Not long ago, I was showing clients a premium townhome property-the shell alone was selling for $2 million-when I heard the developer’s broker say something that I knew wasn’t right.
She told the clients they would need only a quarter of a million dollars to finish the raw space. “Wait a second,” I said, “the kitchen alone, depending on your tastes, might run $75,000 to $125,000.” I knew the clients would not be satisfied with low-end appliances and finishes, and neither would the market when it came time for resale.
Understanding pricing and finishes is essential in the rarefied realm of high-end luxury properties, where the number of details involved-and their importance for buyers-increases as the sales price rises. To ensure your best deal, find an experienced Realtor who knows the specialized components of upper tier real estate. Your real estate agent should gather and present to you as much information as possible to protect you in the transaction.
Start With the Client’s Needs
So I can understand what my clients are looking for, my first step is to work with them to develop their needs analysis — cover everything from the minimum square footage for their home to whether or not they want a private rooftop garden. In addition, the Realtor should find out what special amenities a buyer desires in a luxury building based on the person’s lifestyle and personality. Using the results of the needs analysis, I can locate appropriate properties in the locations the client prefers.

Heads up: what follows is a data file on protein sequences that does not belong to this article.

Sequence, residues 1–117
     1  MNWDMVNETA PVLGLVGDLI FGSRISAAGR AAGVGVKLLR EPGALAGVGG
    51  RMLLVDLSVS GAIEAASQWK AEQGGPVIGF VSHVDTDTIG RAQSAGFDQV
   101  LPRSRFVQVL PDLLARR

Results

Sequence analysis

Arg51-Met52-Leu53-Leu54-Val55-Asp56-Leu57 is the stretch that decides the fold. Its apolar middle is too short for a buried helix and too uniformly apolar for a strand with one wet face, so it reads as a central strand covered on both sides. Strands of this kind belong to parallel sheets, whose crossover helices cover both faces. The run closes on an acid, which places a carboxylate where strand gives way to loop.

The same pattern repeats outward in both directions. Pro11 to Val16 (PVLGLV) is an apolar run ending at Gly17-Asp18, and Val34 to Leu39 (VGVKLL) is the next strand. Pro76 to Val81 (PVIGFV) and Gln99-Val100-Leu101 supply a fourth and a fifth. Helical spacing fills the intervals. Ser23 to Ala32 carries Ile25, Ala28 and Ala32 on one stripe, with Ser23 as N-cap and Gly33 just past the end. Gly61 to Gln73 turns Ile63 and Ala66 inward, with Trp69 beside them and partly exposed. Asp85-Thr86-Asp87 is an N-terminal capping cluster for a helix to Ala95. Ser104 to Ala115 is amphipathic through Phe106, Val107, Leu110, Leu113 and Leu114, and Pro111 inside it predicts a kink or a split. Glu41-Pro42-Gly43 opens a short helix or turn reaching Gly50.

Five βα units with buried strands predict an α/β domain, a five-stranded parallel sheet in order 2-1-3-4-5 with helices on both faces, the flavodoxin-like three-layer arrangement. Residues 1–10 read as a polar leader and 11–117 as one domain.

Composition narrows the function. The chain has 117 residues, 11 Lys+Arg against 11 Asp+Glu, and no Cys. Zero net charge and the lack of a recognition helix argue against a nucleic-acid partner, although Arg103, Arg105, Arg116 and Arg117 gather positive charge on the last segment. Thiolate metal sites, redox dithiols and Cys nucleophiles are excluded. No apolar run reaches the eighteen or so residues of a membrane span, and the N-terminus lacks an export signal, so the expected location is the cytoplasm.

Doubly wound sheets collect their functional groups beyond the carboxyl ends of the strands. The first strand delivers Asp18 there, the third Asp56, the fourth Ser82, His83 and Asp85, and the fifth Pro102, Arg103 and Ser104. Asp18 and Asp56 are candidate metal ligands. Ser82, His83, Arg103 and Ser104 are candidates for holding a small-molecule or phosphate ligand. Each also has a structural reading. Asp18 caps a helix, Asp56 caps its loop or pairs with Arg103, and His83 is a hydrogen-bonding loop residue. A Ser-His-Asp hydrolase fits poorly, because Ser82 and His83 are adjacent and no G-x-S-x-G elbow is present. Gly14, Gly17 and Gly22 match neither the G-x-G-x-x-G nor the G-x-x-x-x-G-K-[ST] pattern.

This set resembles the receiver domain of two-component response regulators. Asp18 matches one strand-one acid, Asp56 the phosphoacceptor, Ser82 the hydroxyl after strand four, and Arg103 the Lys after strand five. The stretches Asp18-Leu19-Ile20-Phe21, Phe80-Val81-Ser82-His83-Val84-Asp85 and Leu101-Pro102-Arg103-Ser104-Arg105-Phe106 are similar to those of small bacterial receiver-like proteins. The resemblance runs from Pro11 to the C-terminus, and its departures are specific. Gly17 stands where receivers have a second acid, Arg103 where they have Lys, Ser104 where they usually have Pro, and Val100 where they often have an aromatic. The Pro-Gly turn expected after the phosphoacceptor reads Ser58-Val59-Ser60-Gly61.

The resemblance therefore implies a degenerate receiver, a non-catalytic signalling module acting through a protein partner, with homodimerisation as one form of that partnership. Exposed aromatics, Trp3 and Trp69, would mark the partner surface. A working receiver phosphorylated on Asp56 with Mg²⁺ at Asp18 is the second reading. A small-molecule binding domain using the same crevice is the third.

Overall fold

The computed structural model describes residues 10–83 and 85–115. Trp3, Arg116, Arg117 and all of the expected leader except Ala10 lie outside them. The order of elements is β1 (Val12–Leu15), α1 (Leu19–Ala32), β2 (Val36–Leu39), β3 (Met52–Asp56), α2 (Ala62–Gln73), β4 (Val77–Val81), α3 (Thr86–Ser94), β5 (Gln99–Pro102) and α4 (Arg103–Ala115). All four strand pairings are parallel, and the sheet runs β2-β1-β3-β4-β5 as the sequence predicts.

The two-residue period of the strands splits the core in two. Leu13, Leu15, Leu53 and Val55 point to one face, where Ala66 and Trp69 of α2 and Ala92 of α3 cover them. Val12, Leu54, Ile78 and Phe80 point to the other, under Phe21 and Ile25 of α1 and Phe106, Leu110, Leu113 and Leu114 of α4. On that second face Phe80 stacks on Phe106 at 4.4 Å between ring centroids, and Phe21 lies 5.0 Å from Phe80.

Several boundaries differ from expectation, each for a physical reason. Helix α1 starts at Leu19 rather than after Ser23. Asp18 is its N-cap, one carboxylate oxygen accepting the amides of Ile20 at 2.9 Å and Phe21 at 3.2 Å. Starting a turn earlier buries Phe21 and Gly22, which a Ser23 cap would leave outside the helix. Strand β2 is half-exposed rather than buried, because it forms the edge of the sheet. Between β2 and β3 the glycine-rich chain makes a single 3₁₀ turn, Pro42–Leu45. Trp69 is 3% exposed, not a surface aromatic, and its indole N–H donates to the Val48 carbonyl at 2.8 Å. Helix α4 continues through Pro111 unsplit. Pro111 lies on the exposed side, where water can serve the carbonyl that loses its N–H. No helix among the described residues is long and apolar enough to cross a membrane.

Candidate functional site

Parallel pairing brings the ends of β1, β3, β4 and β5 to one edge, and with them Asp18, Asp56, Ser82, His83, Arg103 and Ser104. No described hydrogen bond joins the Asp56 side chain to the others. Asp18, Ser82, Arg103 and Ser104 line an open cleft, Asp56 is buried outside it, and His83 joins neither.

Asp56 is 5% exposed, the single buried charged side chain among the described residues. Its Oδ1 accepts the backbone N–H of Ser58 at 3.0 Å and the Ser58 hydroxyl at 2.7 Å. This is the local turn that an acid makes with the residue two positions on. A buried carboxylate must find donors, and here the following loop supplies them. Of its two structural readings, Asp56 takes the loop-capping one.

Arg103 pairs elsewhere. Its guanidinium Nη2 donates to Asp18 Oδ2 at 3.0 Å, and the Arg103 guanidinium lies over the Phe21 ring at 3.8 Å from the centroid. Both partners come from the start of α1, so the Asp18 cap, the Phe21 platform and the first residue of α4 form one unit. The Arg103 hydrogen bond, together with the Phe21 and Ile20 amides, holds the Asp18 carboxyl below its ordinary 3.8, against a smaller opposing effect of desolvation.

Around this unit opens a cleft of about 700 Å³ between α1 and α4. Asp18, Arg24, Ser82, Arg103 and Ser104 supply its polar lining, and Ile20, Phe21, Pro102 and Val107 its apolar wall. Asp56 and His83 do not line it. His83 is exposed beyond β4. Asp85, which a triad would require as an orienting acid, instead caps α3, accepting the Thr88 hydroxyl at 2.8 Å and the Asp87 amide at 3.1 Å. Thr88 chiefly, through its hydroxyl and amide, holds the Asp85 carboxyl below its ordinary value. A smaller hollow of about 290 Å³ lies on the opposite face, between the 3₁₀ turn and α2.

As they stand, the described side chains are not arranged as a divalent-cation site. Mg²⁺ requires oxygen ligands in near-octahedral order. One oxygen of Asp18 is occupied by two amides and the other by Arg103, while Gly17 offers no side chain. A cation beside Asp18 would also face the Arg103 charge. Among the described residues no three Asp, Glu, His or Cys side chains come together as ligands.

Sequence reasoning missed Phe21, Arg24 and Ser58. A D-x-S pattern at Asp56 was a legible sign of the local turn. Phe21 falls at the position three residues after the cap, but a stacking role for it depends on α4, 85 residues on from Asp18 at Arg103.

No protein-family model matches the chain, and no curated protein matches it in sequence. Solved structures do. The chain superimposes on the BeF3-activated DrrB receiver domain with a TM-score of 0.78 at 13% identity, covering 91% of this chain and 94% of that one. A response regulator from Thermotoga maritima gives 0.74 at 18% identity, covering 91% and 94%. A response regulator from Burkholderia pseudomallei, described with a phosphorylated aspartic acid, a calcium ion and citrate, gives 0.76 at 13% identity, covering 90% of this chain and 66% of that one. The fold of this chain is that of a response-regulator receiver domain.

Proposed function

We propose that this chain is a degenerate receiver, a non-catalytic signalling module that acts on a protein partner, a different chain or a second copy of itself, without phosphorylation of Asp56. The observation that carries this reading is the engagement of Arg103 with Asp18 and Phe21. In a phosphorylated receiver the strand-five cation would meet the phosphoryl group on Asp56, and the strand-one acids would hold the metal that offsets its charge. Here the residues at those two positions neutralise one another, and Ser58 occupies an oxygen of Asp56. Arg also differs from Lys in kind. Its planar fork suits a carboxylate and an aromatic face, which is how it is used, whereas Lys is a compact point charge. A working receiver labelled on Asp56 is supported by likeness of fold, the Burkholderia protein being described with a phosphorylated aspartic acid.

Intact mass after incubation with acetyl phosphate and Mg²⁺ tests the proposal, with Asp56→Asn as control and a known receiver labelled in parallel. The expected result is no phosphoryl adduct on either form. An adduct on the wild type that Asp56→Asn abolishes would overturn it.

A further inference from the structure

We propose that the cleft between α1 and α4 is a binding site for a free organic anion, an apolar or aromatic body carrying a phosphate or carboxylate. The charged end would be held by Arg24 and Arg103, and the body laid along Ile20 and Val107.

The Cachet of Luxury Brands
Luxury design brands have become a driving trend for high-end properties. Buyers appreciate the name recognition of Ritz Carlton, Trump or Mandarin Oriental – and of well-known architects like Santiago Calatrava, Lucien Lagrange and Helmut Jahn. These prestige names also make properties more attractive for resale.
The Flow of Floor Plans
The desirability of cachet brands has a flipside to keep in mind: just because a building is designed by a big name architect doesn’t mean its floor plans are livable. The Flooring Installation Chicago plan must make sense for your family and your daily needs. Be careful about how the property lays out, the flow of the design. Imagine yourself moving through the rooms. If something feels awkward, it will become an issue later.
Floor plans provided to potential buyers typically don’t give true room sizes. Because the measurements are taken from within the walls, dimensions can be off by as much as six inches on either side.
Start with Building Amenities
Our Chicago skyline is graced with many examples of work by Ludwig Mies Van der Rohe. The famous German master’s adage, “God is in the details” reflects the thoroughness you should expect from your Realtor when buying a luxury home.
Among the most important details to consider are the amenities that you desire in a luxury building, based on your lifestyle and personality. Take concierge service, for example. What does it really entail and what is the level of service? Is it available around the clock? Your agent should look into these details for you so you know how a concierge will meet your needs for heavy travel, business meetings, or frequent entertaining.